Before the COVID-19 pandemic, most people turned to nurses, physicians and other health professionals in their moments of need without giving much thought to the needs of the people providing the care. In the last year, those attitudes have changed. It seems nearly everyone is now aware of the importance of caring for our caregivers. That awareness is a major step forward, but the public and organizations express that care in vastly different ways, and some are more effective than others.
Caring for caregivers is a central tenet of the Chamberlain culture, and we are not alone. To explore this topic, I reached out to a colleague: Mary Jo Jerde, MBA, BSN, RN, FAAN, senior vice president of UnitedHealth Group. Mary Jo leads the company’s Center for Clinician Advancement, which deploys programs to improve clinician engagement, reduce voluntary turnover, promote health and well-being and support the personal and professional development of UnitedHealth’s clinicians.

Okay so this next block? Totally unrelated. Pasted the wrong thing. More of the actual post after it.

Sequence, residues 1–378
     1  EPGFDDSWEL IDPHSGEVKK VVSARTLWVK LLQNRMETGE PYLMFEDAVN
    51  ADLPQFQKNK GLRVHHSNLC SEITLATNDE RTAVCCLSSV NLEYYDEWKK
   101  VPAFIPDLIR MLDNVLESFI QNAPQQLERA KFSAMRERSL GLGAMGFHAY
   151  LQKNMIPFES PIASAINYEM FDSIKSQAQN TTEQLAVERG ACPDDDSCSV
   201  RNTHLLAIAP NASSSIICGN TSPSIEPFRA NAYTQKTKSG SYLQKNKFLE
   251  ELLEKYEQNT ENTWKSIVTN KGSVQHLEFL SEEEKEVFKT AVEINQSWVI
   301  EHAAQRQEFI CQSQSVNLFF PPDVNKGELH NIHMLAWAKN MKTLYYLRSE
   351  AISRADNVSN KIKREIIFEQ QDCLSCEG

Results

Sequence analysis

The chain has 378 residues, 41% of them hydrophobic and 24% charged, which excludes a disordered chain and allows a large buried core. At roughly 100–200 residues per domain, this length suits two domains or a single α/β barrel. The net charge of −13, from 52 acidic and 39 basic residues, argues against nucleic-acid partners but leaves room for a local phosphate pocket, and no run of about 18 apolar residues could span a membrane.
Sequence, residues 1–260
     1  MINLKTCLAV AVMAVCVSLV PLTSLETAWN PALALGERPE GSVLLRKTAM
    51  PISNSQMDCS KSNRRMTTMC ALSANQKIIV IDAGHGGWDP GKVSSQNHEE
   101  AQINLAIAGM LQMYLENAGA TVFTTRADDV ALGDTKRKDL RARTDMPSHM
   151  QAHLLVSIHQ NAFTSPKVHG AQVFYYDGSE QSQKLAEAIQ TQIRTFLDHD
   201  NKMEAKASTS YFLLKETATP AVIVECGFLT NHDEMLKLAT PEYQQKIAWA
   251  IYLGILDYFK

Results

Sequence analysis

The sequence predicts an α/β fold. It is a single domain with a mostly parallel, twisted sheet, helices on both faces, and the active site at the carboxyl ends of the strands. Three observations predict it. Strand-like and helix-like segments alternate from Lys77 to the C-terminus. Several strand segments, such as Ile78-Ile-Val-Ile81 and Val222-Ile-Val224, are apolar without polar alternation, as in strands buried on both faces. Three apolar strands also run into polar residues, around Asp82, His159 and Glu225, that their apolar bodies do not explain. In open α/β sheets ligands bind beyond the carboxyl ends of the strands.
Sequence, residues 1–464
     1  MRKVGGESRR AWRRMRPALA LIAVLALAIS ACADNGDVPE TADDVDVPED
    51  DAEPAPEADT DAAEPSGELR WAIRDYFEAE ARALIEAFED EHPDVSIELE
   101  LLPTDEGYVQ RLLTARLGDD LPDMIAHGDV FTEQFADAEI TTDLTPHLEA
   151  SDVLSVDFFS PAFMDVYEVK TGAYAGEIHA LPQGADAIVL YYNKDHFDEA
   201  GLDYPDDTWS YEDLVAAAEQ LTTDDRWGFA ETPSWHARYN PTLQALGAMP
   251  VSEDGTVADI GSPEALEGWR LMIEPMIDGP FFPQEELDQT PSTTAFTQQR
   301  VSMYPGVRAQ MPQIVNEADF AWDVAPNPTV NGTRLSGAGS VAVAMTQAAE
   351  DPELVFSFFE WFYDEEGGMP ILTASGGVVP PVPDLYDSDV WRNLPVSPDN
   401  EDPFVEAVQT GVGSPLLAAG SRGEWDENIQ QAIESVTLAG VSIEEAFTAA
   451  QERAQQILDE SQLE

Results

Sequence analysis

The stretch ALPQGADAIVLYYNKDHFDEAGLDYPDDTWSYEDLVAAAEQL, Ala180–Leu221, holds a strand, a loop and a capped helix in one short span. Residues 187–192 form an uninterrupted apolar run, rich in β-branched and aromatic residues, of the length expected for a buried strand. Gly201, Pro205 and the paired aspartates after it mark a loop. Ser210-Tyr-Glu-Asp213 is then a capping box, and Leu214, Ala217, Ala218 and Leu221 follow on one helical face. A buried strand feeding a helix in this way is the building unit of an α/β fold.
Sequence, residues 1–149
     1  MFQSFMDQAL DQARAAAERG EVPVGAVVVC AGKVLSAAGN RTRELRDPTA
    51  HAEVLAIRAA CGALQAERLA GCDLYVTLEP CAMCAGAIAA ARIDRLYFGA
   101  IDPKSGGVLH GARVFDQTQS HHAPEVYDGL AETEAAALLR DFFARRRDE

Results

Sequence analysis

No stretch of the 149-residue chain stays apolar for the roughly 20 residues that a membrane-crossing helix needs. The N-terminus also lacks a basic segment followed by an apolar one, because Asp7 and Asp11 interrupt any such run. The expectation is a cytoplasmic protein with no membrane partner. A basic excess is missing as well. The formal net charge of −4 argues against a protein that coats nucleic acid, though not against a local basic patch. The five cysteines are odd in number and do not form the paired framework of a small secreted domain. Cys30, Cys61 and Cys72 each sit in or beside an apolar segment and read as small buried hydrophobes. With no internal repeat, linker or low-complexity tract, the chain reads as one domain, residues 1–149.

Even before the pandemic began, nurses were experiencing high levels of burnout and other strains on their mental and physical health. When the pandemic hit, those were intensified. I began by asking Mary Jo what concerned her most.
Mary Jo: Mental health. The stress on nurses when they're caring for people through death and dying—it's significant to have that level of intensity in their practice. Concerns about available PPE, new protocols, the pace of change, and the uncertainty that came along with these things—they sent stress levels for providers thru the roof. We have seen it within our own workforce. We've seen it documented in national surveys, and it's concerning, because if this is where we are one year into the pandemic, what will be the two-year, the five-year impacts on mental health among clinicians?
Karen: Several recent surveys have talked about the fact that nurses are tough, and when someone asks how we are, we say we're fine, because it's been drilled into us that our job is caring for others. I think we need to do a better job, particularly with nursing students, so they realize that you can't take care of others if you don't take care of yourself.
We need to do a better job getting nurses to realize that you can't take care of others if you don't take care of yourself.
Mary Jo: Absolutely. A survey just off the press from the American Nurses Foundation said that, among nurses aged 34 and younger, 81% felt exhausted, 71% felt overwhelmed and 65% said they were anxious and unable to relax. Those are staggering statistics.